Glassblowing: an ancient art still practiced today
Glassblowing is nearly as old as human civilisation, but it still holds an almost otherworldly appeal. Watching a skilled glassblower coax a recognisable form out of a lump of molten glass called a “gob” is a magical, alchemical experience.
What’s interesting is that the glass bottle that holds your beer, wine, jam or honey is produced using exactly the same process (only at a much, much larger scale). When an artisan glassblower approaches a new piece, first they need to melt the raw materials – sand (silica), soda ash and limestone – in a crucible to form the glass, at a temperature of about 1 300 °C. Then they use a blowpipe to gather up the molten glass in a gob on the tip (just as you would honey using a honey-dipper). Then they roll the gob on a flat sheet of steel or marble called a marver, to cool the exterior of the gob and begin to shape it.
Air is then blown into the pipe, forming a bubble, while the blowpipe is constantly rotated to ensure an even shape. During this process the gob is regularly inserted into a secondary furnace, known as a glory hole, to ensure that the correct temperature is maintained. Finally, the resultant shape is cut off the blowpipe using shears, and the finished piece is annealed, or cooled in a controlled manner to ensure its durability.
In industrial glass container manufacture, just as in artisanal glassblowing, raw materials are combined according to precise ratios and melted in a furnace at around 1 500 °C. Individually sized gobs of molten glass are guided into moulds, and the opening of the bottle is formed. Compressed air is then used to inflate the glass into its final form, exactly as a glassblower would.
There are two distinct methods used to create glass containers on an industrial scale, as can be seen in the video alongside.
The first, known as the blow-blow method, is used for larger containers. In this process, compressed air is blown into the molten gob to create a cavity, resulting in a hollow and partly formed container. This is then transferred to the second moulding stage, where compressed air is used again to form the final shape. The second is known as the press-blow method. This time a metal plunger is used to press a cavity into the gob in the blank mould before compressed air is used to form the final container. Variations in this method allow for either narrow or wide-necked containers to be formed.
Once the shapes have been formed, they are likewise annealed, and then go through several additional processes to strengthen and coat them for transport. They’re tested for quality and branded according to the customer’s requirements. Glassmakers – whether working at an individual or industrial scale – experience the same wonder and beauty. Their methods haven’t changed substantially over thousands of years, but the magic of creation – from raw materials, through the furnace, to the finished product – never grows old.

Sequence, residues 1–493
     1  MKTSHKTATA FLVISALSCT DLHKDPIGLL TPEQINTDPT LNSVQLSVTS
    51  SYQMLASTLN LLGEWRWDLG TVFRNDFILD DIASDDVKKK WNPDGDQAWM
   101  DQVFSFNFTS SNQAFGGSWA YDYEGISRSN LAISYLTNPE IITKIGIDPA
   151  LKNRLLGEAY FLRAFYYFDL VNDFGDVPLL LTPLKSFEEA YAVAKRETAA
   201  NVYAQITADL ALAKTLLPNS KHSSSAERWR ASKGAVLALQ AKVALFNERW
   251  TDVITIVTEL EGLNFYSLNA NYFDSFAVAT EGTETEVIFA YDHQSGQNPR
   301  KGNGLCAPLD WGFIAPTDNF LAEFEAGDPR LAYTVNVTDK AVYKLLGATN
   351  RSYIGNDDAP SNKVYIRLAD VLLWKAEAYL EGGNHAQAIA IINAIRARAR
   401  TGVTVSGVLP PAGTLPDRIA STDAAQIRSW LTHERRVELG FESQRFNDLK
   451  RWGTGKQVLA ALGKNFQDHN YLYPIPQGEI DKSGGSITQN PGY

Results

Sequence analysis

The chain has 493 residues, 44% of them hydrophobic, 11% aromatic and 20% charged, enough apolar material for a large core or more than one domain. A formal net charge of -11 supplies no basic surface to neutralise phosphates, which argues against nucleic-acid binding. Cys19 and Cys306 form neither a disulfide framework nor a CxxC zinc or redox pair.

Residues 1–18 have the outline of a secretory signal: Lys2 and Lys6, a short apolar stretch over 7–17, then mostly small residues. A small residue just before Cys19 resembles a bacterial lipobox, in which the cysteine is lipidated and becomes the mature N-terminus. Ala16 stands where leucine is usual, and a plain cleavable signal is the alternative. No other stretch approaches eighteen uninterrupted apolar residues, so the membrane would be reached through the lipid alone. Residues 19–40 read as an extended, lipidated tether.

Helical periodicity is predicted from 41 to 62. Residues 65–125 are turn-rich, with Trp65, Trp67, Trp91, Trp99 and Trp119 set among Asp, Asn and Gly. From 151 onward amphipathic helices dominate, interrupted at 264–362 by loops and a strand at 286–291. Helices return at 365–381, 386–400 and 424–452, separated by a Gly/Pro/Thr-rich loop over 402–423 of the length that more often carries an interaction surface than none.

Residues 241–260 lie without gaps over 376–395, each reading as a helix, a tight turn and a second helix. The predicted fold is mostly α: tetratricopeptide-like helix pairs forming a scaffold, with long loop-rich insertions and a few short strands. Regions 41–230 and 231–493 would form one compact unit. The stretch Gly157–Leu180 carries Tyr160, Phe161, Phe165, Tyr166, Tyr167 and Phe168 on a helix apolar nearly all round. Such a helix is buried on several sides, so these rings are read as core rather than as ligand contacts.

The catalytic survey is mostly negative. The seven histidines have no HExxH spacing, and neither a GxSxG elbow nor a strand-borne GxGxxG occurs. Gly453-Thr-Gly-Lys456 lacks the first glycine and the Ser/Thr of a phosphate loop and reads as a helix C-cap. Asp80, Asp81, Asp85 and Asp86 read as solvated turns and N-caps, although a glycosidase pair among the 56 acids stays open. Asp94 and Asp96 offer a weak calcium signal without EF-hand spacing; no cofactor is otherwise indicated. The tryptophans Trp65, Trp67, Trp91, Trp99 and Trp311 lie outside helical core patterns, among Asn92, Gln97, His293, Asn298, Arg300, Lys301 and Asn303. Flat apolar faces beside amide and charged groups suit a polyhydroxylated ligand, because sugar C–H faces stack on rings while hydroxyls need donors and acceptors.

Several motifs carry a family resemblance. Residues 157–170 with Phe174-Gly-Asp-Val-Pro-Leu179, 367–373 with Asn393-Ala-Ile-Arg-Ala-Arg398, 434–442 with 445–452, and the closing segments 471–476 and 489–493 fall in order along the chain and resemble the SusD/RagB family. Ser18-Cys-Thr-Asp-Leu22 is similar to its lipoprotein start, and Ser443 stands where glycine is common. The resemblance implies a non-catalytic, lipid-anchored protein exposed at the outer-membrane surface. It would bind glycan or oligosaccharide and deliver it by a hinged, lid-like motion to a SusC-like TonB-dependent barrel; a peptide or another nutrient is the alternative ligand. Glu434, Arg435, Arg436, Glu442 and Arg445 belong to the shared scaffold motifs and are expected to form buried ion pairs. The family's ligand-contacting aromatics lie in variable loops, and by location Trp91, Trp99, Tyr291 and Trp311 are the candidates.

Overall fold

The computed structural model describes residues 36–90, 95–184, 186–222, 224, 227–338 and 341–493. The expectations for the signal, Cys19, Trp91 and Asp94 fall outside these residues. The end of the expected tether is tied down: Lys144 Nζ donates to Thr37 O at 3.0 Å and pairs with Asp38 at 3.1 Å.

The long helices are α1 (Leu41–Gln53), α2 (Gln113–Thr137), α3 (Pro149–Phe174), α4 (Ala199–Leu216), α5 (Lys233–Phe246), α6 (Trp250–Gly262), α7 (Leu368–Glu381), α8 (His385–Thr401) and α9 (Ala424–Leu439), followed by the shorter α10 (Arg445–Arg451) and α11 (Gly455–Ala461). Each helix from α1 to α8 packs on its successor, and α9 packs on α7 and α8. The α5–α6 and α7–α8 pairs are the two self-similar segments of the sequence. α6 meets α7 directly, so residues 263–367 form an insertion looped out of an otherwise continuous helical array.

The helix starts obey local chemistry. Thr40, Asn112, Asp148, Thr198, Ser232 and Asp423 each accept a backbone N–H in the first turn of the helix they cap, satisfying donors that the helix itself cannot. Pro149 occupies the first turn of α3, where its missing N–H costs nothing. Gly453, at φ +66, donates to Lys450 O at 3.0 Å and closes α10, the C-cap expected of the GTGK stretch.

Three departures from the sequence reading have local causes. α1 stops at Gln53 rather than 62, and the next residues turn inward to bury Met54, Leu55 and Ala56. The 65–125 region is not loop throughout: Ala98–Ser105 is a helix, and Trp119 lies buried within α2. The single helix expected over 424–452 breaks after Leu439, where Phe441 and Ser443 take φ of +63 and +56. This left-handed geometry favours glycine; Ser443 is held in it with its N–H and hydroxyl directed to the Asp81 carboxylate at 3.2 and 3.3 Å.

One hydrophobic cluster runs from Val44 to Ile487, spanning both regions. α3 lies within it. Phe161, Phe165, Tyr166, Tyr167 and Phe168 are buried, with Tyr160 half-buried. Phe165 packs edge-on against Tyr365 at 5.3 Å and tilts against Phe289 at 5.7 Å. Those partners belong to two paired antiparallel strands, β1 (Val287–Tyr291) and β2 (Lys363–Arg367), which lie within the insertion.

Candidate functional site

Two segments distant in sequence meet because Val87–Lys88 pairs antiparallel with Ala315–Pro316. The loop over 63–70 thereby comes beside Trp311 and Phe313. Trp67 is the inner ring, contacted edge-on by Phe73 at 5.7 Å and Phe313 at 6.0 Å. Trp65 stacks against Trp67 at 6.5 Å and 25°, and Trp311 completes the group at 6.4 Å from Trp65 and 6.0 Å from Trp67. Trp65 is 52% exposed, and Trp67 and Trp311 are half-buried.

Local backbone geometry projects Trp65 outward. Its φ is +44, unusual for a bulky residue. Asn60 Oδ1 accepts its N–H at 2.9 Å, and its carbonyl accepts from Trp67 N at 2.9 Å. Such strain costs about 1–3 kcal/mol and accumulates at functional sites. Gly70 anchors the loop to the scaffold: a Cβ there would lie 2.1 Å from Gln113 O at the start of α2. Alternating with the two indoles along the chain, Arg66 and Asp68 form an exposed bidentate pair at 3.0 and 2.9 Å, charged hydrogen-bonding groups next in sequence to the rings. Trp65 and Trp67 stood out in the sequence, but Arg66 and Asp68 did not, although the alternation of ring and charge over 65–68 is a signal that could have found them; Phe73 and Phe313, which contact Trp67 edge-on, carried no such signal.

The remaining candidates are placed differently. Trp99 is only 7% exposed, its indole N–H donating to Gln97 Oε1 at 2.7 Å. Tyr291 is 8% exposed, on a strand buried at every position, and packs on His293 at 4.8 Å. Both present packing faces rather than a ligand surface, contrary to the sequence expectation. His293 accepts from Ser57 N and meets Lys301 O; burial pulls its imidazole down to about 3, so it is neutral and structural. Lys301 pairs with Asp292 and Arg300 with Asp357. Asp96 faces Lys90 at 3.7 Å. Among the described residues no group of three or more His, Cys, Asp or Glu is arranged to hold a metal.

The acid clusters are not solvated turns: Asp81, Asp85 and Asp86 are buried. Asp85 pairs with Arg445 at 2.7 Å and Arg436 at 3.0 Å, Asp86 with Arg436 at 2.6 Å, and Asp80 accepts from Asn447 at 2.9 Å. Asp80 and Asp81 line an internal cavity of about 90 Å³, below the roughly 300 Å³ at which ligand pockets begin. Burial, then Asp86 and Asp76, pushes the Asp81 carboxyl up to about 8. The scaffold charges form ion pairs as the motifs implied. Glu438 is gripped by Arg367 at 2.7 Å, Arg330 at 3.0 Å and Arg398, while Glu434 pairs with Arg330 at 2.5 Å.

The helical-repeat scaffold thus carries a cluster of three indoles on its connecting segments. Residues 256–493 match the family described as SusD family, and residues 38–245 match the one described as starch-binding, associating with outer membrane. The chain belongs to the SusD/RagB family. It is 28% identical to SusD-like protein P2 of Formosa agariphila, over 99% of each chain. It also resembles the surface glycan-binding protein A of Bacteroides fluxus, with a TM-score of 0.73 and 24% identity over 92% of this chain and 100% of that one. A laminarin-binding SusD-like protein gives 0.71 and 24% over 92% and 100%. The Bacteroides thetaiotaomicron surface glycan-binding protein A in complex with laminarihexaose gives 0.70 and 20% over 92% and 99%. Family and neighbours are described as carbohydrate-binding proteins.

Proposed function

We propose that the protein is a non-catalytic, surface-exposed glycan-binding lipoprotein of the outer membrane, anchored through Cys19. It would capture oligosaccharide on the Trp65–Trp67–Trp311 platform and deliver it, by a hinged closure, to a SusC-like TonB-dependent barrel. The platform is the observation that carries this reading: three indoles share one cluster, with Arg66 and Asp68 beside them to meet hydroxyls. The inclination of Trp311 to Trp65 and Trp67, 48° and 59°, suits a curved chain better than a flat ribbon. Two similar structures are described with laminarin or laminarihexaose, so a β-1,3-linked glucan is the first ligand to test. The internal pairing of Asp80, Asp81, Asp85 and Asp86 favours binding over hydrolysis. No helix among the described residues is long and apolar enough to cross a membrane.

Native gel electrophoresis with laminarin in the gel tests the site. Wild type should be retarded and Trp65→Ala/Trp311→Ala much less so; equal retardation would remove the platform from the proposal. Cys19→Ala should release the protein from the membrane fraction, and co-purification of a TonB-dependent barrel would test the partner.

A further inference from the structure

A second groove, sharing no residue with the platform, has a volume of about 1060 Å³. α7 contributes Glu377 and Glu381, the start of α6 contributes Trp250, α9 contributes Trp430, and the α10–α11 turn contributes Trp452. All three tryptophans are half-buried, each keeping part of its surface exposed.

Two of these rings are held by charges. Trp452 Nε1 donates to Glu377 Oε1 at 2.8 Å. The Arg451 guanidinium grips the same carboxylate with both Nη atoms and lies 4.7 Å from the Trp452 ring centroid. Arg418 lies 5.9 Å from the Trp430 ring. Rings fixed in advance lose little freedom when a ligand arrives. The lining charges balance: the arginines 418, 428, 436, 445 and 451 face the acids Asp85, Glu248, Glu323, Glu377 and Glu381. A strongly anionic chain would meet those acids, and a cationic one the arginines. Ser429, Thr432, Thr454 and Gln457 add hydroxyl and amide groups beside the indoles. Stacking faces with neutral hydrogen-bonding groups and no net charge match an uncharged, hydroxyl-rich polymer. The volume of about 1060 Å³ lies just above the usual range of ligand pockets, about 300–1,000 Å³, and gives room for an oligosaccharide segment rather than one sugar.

Women in Consol:
Teslyn Daniels – Group Batch & Melting Operations Manager
Melting is a fundamental, technically specialised component of the glassmaking process. The Group Batch & Melting Operations Manager is a crucial, key position within an operation such as Consol’s. They advise on and manage operational challenges at all seven operating plants; devise and implement chemistry-related programmes and develop batch recipes to achieve desired glass conditions and colours; reduce costs; train new melting specialists; and improve emissions and other sustainability measures. Consol's Teslyn Daniels became the first woman in the company appointed as Group Batch & Melting Operations Manager in January 2020. Teslyn joined Consol in 2006 as a laboratory technician, and rose steadily through the ranks to become one of the most important technical specialists in the organisation, with overall responsibility for the 14 furnaces across Consol’s seven sites in Africa.
Reflecting on what she has accomplished, Teslyn says: “I feel truly honoured and I hope that it motivates many other women in the business to strive to reach their full potential. Getting to this point involved sacrifices and hard work, but overall the successes far overshadow these. At Consol, I believe that women bring new leadership styles and many other benefits to the company. Over the past 10 years we have not just seen women excel in our business, but I am happy to see that women of colour have also advanced. This shows that if we remain committed to a future in which impartial recruitment and promotion is practised then we will see more women move forward.”